BANGKOK (Reuters) - Thai Prime Minister Prayuth Chan-ocha said on Tuesday he is concerned about a growing student protest movement after another student group issued an unusually frank 10-point call for reform of the monarchy.
About 3,000 to 4,000 protesters chanted “Long live democracy” at Thammasat University on the outskirts of Bangkok on Monday night, with speeches calling for the resignation of Prayuth, who first took power in a 2014 coup, and an end to military domination of politics.
But protesters from a Thammasat University Pro-democracy Group also issued a 10-point call for reform of the monarchy, becoming at least the third student protest group to break a decades-long taboo on questioning its role and powers.
Thailand has strict laws against insulting or defaming the king, punishable by up to 15 years in prison.
Palace officials declined to comment on the student protests or on any criticism of the monarchy.
Former army chief Prayuth told reporters he had watched the protests.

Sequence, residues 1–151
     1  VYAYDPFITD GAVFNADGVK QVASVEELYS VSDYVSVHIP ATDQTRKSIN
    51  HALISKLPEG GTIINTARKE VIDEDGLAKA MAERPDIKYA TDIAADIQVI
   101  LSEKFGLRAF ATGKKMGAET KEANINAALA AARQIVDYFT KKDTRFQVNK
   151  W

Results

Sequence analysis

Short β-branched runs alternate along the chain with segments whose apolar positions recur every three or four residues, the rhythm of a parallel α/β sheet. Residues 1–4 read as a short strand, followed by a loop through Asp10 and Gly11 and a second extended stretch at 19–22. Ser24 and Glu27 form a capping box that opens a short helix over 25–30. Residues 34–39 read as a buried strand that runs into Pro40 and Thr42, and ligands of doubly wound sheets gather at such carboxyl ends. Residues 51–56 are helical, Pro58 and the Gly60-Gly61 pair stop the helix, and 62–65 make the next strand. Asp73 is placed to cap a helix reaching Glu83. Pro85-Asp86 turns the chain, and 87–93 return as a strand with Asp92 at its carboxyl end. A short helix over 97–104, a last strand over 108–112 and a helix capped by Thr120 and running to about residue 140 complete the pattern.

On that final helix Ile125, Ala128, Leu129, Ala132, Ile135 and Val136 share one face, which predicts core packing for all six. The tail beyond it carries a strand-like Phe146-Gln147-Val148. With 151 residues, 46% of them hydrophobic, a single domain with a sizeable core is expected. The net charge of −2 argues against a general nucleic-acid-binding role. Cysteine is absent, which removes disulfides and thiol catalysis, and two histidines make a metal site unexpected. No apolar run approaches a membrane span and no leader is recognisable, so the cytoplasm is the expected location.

“Yes, I watched it, how can I not?” he said when asked about the students’ demands.
“I am concerned,” he said, but did not elaborate on what concerned him and did not comment on the demands for royal reform.
Prayuth has warned protesters against involving the monarchy in their protests but said King Maha Vajiralongkorn, who took the throne after the death of his father in 2016, has asked him not to arrest anyone under the “lese majeste” laws.
Since the 2014 coup, activists have accused Prayuth of using the military’s close association with the palace to justify its grip on power, including accusations of manipulating results of elections last year. Prayuth denies the allegations.
The students’ new demands included reversal of a 2019 order that transferred two army units to the king’s personal command and a 2017 law that gave him full control of the crown’s extensive property holdings.
Reporting by Jiraporn Kuhakan and Panarat Thepgumpanat; Writing by Kay Johnson; Editing by Robert Birsel
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